Virtual Reality Lets DCO Researchers See C in 3D

New 3D, interactive visualizations developed in collaboration with virtual reality researchers at the University of California, Davis, are helping Earth scientists to make sense of complex, three-dimensional data sets.

At the recent Deep Carbon 2019 meeting in October in Washington DC, scientists grabbed and manipulated molecules, waded through giant networks of minerals, and walked through the air above an active volcano, simply by donning virtual reality (VR) goggles and holding a black handset.

The 3D, interactive demonstrations were created by Oliver Kreylos and Magali Billen (both at University of California, Davis, USA) as part of DCO’s Modeling and Visualization Forum. Three groups of DCO scientists are collaborating with Kreylos and Billen to visualize their data in new ways through VR technology.

“Visualization is a very powerful way of analyzing data,” said Kreylos. “You want to turn your data into pictures because it makes it much easier for our brains to understand what is happening.” 

VR Demo 1
Billen looks on while Karen Lloyd (University of Tennessee Knoxville, USA) and Razvan Caracas (CNRS, France) interact within a VR visualization. Credit: David Keith Photography

VR allows scientists to see and analyze data from 3D systems without the distortions that result from forcing data into a 2D representation, such as an image or chart. 2D projections inevitably create errors in an object’s size and its spatial relationship to other objects, in the same way that the original “Mercator map” showed Greenland and Antarctica as enormous, compared to their more accurate representations on a globe. 

But VR is not only a tool for making better visualizations. “You can also interact with the data,” said Kreylos. “You can reach into this 3D space that you’re seeing and work with 3D objects. You can manipulate them with your hands in a very natural and intuitive fashion.” 

Louise Kellogg (University of California, Davis, USA), initially spearheaded DCO’s Modeling and Visualization Forum in 2015. Kreylos joined the collaboration in 2017 and Billen stepped in when Kellogg passed away earlier this year.  

Kreylos has developed software for VR applications for three DCO-affiliated groups. Shaunna Morrison (Carnegie Institution for Science, USA) and the Data Science Team (Rensselaer Polytechnic Institute, USA) are using the system to visualize 3D networks of interconnected minerals to study relationships between different carbon minerals and their evolution through time

“I was shocked by how interacting with my data in VR gave me such a different perspective!” said Morrision. “I was already very familiar with my carbon mineral networks, but as soon as I put on the VR goggles, I started to see relationships and patterns that I hadn't been able to recognize before. I think it can be a powerful tool for data exploration and, ultimately, discovery!”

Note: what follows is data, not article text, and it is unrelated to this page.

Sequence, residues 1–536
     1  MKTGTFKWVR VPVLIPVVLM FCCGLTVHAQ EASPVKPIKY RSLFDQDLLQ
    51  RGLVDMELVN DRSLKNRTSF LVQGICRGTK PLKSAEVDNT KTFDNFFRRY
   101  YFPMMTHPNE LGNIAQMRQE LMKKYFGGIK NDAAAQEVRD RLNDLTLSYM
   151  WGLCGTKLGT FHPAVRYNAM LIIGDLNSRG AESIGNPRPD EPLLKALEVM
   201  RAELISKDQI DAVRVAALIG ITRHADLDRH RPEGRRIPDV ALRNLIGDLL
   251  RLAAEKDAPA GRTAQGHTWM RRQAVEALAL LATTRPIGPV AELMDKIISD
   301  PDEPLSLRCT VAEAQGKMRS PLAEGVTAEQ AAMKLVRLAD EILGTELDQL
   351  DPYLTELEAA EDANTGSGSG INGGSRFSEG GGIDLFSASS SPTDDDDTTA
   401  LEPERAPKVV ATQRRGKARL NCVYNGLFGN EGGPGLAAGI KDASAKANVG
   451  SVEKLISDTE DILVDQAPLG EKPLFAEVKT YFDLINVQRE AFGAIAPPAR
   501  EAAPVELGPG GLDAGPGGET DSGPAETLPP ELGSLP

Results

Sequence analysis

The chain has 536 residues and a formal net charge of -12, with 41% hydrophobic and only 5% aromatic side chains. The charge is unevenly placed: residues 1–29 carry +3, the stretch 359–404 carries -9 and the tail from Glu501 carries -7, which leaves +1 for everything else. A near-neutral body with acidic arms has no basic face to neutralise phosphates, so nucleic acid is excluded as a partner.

The Aerial-based Observations of Volcanic Emissions (ABOVE) team, led by Emma Liu (University College London, UK), is recreating gas emissions from active volcanoes based on data collected from chemical sensors carried by drones. The 3D visualizations show how emissions change over time, which may be useful in analyzing volcanic activity in the field in real time.  

VR demo 2
Joy Buongiorno (Carnegie Institution for Science, USA) experiences a VR visualization of a volcanic plume. Credit: David Keith Photography

The third application is an extension of a project first developed by members of the KeckCAVES project at the University of California, Davis, who built an immersive VR room and developed an interactive molecular dynamics visualization. Molecular dynamics is a way to digitally simulate the progression of chemical reactions. In the VR application, however, users can build their own molecules or watch a reaction proceed while zooming in or out or following and measuring individual atoms. 

A team led by Razvan Caracas (CNRS, ENS de Lyon, France) hopes to expand upon these visualizations to share them with public audiences to help them understand the structure of melts, carbon degassing, and other processes that occur deep within Earth. 

Commercial VR sets have now taken the place of the VR room built by KeckCAVES in 2005. “Until a few years ago, VR used to require a big investment,” said Kreylos. “These days, essentially you can go to Amazon and order a headset and a computer needed to drive it and then install the software that we have developed.” 

As the equipment necessary for VR visualizations becomes cheaper and more easily available, more scientists will be able to use the technology to see and analyze increasingly complex data sets. Judging by the reactions of scientists at the Deep Carbon 2019 meeting, where these three applications were demonstrated, it’s likely the VR technology will pop up more often in geoscience research. “I think the reaction was very positive,” said Kreylos. “People clearly got the idea that they could work with this and gain a new way of looking at their data.”

Interested scientists can learn more about using the VR software through Kreylos’ blog, with his guides to Installing Linux, Connecting an HTC Vive VR Headset, and Setup Instrutions for Vrui.


Main image: Kreylos interacts with a meeting attendee to manipulate atoms in the molecular dynamics VR visualization. Credit: David Keith Photography

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